The cables are routed externally along the topside of the top tube, the rear derailleur cable runs down the driveside seat stay to the mech, and the front derailleur cable runs down the seat tube where a roller takes the cable into the front mech. The seat tube houses a 27.2mm seatpost, which in this build is carbon item.
The frame has clearance for 34mm tyres, so it's race-ready. Anyone wanting to fit fatter tyres will be pleased to know that next year Moots is offering 450mm chainstays that allow 40mm tyres to squeeze.
Moots offer their own carbon fibre fork, though you can buy the frame on its own and fit your own fork. Moots offer this proprietary design, painted to very closely match the frame colour, and combines wide blades with a 47mm rake and 395mm axle-to-crown height. There's a brake hanger mount, and indents on the inside surface of the legs allow the brake pads to sit further away from the rims, slightly increasing available clearance.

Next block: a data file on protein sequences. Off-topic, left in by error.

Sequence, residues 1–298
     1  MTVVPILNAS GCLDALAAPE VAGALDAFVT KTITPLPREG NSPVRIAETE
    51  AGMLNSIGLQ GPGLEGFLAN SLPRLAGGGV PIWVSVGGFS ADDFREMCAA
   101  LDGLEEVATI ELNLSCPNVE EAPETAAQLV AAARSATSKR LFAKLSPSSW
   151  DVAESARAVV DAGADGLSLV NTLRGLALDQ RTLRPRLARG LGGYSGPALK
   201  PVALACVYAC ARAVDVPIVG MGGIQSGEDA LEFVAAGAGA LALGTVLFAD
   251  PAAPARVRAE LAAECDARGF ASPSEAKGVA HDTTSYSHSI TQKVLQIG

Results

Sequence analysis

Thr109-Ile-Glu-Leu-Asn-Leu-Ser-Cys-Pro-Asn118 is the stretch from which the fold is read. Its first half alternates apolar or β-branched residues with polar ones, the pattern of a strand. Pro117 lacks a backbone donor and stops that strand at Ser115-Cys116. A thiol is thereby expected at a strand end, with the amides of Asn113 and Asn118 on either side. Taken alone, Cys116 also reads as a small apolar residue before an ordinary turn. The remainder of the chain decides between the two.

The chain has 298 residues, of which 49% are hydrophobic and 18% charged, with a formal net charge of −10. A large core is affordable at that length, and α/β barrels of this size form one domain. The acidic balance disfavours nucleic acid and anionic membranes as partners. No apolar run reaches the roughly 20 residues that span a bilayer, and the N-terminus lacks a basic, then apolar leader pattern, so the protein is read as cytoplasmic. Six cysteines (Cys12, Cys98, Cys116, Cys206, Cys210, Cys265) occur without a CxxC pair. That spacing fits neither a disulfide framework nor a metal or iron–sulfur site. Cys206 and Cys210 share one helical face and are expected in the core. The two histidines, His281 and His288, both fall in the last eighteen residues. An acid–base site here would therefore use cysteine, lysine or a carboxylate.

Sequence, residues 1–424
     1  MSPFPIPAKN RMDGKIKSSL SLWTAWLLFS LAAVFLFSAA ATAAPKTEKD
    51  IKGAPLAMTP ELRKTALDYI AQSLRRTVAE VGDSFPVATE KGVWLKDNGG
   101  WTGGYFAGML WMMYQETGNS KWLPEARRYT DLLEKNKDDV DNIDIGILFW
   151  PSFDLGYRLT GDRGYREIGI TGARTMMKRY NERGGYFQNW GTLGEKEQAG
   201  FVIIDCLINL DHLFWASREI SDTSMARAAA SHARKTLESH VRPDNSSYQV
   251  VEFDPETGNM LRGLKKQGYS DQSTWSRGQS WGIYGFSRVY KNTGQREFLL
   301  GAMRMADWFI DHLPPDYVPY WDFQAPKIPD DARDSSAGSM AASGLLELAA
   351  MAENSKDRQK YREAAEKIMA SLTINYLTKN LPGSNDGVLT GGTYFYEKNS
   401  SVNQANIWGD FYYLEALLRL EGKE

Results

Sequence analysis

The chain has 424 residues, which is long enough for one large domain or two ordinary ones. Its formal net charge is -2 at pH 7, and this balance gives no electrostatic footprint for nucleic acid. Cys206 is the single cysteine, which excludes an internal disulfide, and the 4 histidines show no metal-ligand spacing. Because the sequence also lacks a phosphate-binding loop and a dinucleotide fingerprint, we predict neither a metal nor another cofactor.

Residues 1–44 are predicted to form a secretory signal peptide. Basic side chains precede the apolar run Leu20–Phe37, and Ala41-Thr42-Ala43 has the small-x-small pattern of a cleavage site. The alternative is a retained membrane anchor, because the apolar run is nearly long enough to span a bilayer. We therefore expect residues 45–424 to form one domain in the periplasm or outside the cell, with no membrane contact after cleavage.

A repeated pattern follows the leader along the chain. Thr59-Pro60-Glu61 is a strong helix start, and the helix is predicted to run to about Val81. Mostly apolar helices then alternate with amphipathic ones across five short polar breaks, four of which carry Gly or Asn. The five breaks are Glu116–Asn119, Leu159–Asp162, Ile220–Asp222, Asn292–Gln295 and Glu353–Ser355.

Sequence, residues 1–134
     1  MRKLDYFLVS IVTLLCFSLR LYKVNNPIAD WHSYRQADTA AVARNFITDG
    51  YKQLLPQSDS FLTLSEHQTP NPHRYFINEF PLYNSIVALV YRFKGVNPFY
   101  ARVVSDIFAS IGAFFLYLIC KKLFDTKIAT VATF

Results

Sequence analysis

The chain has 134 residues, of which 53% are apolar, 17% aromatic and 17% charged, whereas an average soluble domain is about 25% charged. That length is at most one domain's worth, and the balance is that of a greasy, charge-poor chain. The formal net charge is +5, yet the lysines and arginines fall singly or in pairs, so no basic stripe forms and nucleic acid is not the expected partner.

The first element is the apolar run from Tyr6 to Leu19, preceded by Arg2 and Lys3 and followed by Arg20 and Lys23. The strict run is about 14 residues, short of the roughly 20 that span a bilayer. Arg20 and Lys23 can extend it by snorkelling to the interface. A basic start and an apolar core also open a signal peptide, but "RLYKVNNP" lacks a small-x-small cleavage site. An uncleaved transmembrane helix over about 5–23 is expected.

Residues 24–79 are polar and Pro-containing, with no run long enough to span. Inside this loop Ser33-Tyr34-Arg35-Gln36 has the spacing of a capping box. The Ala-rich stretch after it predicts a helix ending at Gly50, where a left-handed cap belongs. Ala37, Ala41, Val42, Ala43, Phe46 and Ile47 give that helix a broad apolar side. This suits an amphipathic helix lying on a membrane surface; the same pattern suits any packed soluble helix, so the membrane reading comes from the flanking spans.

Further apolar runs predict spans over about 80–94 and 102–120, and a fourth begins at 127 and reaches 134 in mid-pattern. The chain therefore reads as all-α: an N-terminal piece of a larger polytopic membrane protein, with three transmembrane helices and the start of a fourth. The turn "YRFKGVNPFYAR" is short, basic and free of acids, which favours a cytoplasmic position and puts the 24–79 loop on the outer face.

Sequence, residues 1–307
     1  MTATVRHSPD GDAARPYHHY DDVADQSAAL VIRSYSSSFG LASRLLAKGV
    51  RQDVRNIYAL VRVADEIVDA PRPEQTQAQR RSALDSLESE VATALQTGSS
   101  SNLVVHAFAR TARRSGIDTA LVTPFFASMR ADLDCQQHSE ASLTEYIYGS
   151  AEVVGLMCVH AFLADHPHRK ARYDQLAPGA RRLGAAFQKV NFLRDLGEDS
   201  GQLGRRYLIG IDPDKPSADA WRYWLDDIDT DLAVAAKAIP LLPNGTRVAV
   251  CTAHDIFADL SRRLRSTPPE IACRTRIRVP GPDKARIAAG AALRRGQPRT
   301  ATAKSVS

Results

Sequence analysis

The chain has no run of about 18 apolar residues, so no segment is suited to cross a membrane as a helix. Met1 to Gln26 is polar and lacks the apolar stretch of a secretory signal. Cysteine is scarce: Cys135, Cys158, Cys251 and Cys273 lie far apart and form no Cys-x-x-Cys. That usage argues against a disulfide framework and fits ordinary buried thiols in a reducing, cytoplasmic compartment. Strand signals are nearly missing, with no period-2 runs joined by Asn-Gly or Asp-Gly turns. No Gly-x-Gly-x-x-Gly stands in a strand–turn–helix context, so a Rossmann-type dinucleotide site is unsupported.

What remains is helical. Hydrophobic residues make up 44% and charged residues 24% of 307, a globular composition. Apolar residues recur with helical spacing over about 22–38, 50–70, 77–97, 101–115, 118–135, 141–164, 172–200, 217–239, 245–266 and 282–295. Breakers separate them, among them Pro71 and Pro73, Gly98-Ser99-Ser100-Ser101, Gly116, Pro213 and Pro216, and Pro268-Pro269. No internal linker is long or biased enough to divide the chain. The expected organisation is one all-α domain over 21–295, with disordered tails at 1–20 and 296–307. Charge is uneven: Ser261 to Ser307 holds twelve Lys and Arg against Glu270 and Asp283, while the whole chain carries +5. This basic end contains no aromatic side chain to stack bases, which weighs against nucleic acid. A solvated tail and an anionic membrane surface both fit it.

The finishing detail is the head badge, a thing of beauty in itself. Originally made from bronze, it features a toy alligator on a bicycle, it's a nod to founder Kent Erickson's squeezy alligator toy he had as a child, and the noise it made sounded like 'moots'. Kent left Moots several years ago and set up his own signature bike company.